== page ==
In perhaps the most ill-informed, perverse rationalization/defense of bad health IT I’ve seen to date, the following appeared in an article about an upcoming HIMSS presentation (Healthcare Information and Management Systems Society‘s health IT mega-industry trade show, http://www.himssconference.org).
I remind readers of the definition of bad health IT coined by myself and Australian polymath/informatics scientist Dr. Jon Patrick in 2012, as at my Drexel University College of Computing and Informatics website “Contemporary Issues in Medical Informatics: Good Health IT, Bad Health IT, and Common Examples of Healthcare IT Difficulties” at http://cci.drexel.edu/faculty/ssilverstein/cases/:
Bad Health IT (“BHIT”) is defined as IT that is ill-suited to purpose, hard to use, unreliable, loses data or provides incorrect data, is difficult and/or prohibitively expensive to customize to the needs of different medical specialists and subspecialists, causes cognitive overload, slows rather than facilitates users, lacks appropriate alerts, creates the need for hypervigilance (i.e., towards avoiding IT-related mishaps) that increases stress, is lacking in security, compromises patient privacy or otherwise demonstrates suboptimal design and/or implementation.
To this definition I should add “that does not support evidentiary trustworthiness.”
The article tries to make the case that Plaintiff’s lawyers are “targeting” the innocent EHR:
Amid surge in malpractice lawsuits, EHRs often targeted in litigation, attorney says
Healthcare IT News, Feb. 4, 2016
Byline: Providers often wind up defending their electronic health records, rather than what got them sued in the first place, Mary Re Knack will explain at HIMSS16
The article continues:
As if healthcare executives don’t have enough worries about implementing electronic health records, yet another issue is starting to ramp up.
“What’s been happening more frequently in the last few years is that certain plaintiffs’ lawyers – a kind of group of them who communicate with each other – have started to see the medical record as an opportunity for litigation,” said Mary Re Knack, a Seattle-based attorney for the firm Ogden Murphy Wallace.
Knack will be presenting an exploration of these emerging litigation troubles in the session “Just Press Print: Challenges in Producing EHRs in Litigation” with colleague Elana R. Zana at HIMSS16, beginning in late February.
A group of colluding plaintiff’s lawyers “see the medical record as an opportunity for litigation?” This statement appears to say, in the words of a colleague, “it’s those $%$%# plaintiff’s attorneys again, preying on our worthy docs and hospitals and their good intentions with HIT for the nation’s good.”
Ms. Knack seems to veer in the direction of the Defense side as at http://www.omwlaw.com/seattle-attorneys/m-re-knack/:
Ms. Knack is a member of the Healthcare and Litigation Departments. Her practice focuses on healthcare, insurance, product liability, mass tort, and civil matters. Ms. Knack provides a wide range of legal services to members of the healthcare industry including negotiating and structuring arrangements, business, regulatory, confidentiality and privacy-related compliance services including HIPAA and state laws, licensing and risk management related services, and related investigations.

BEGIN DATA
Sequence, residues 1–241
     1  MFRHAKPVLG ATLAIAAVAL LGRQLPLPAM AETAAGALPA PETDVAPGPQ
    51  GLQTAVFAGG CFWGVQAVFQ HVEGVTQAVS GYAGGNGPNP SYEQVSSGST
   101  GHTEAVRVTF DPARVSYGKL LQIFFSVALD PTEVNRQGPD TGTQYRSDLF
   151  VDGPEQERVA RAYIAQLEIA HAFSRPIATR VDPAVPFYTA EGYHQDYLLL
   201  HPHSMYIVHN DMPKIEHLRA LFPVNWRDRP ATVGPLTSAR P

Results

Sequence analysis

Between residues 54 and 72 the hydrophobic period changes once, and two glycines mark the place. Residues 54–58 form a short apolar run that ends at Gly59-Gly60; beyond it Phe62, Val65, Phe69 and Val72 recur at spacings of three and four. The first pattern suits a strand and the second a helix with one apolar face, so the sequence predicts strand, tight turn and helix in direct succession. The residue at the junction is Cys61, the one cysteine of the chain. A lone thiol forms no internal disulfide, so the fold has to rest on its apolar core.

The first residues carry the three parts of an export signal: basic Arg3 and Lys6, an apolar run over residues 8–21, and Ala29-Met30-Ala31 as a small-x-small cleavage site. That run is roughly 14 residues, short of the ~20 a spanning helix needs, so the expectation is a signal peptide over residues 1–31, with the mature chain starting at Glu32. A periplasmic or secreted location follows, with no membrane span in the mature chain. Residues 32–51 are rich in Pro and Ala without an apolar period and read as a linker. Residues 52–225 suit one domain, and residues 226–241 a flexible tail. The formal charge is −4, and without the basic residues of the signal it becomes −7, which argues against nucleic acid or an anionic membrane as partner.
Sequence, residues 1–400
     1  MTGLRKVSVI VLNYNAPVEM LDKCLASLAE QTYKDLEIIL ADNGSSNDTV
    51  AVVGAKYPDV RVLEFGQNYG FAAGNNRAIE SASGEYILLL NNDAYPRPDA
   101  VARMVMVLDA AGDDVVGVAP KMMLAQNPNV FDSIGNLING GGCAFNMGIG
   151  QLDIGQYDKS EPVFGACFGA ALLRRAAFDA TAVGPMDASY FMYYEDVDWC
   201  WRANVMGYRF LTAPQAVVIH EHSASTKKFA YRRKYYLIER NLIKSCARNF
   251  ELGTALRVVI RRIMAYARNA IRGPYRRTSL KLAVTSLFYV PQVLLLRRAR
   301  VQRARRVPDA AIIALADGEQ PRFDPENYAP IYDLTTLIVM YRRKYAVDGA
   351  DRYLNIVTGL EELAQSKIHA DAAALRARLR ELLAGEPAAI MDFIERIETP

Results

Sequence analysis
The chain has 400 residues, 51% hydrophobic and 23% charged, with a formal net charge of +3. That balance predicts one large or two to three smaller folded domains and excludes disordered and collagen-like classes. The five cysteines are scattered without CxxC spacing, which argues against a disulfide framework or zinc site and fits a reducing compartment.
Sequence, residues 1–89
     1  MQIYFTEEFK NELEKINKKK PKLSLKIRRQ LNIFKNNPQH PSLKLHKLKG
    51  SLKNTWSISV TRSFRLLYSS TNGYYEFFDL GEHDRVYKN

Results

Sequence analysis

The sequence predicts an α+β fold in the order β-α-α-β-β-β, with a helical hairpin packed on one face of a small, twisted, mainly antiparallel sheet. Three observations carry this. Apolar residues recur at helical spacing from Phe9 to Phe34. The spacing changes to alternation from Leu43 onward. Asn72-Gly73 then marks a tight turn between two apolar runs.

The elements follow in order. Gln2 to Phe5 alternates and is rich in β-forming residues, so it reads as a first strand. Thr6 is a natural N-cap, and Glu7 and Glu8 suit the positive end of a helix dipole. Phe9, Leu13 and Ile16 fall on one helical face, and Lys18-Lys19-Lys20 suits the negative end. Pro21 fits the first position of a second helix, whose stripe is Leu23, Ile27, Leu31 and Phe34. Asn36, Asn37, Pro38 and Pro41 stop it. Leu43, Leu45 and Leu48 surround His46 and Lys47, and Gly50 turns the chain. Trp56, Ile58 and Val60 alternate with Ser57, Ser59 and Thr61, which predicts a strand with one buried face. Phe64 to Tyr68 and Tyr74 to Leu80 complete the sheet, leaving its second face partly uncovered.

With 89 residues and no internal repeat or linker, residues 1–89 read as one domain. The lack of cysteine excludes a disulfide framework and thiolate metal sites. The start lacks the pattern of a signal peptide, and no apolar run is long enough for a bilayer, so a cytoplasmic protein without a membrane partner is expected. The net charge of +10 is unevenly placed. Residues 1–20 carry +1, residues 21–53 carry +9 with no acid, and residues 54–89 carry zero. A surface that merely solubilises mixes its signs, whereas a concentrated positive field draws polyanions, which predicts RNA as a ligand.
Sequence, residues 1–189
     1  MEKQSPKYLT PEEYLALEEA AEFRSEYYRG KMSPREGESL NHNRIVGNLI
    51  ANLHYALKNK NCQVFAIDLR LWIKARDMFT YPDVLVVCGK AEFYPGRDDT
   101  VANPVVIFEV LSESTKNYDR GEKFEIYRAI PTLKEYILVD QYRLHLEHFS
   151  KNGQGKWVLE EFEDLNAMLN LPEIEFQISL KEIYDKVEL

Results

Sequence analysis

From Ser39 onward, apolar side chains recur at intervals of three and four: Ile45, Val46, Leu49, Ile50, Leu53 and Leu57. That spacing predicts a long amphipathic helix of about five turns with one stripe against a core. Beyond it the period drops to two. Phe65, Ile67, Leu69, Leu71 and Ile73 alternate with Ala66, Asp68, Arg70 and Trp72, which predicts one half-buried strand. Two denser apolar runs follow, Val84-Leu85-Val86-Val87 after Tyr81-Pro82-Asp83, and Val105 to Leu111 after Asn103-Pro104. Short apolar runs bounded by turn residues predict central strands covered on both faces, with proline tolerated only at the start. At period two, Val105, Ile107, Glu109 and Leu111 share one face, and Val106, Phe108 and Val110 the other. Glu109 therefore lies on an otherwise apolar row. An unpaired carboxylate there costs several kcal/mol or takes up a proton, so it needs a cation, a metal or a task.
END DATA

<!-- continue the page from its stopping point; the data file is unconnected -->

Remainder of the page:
The reality in my direct experience is different. Starting after the EHR-related injury and demise of my mother in 2010, I began lending my medical informatics expertise to lawyers as an Independent Expert Witness towards deciphering and authenticating the legible gibberish that often passes for “medical records.” In working with and speaking at national meetings to Plaintiff’s lawyers at their invitation, I find that the only thing plaintiff’s lawyers see EHRs as is a badly-designed tool that causes or contributes to medical malpractice itself by disrupting doctors and nurses, and befuddles any reader, attorney or clinician, regarding the true course of clinical events.
They see, in my experience, bad health IT not as an “opportunity for litigation”, but as an impediment to knowing the facts of the case, and a cause of unnecessary patient harm.
(In fact, in late 2014 I spoke to U.S. House members at the Capitol on just those issues, accompanied by several Plaintiff’s attorneys who’d seen horrible patient harms as a result of bad health IT, begging the congresspeople to investigate and take action.)
An early quote in the article is, I’m sure, an inadvertent but an outright condemnation of the health IT industry:
Electronic health record design is paramount among those issues, Knack said, because EHR vendors quite naturally did not build the software with litigation in mind.
It’s bad enough that EHR vendors did not build the software with clinicians and clinical care in mind, resulting in a Complaint Letter from almost 40 medical societies to HHS one year ago (see my Jan. 28, 2015 post “‘Meaningful Use’ not so meaningful: Multiple medical specialty societies now go on record about hazards of EHR misdirection, mismanagement and sloppy hospital computing” at http://hcrenewal.blogspot.com/2015/01/meaningful-use-not-so-meaningul.html, which contains a link to the aforementioned medical societies letter).
Ms. Knack now avers that EHR vendors did not build the software with adequate due diligence towards evidentiary/litigation matters.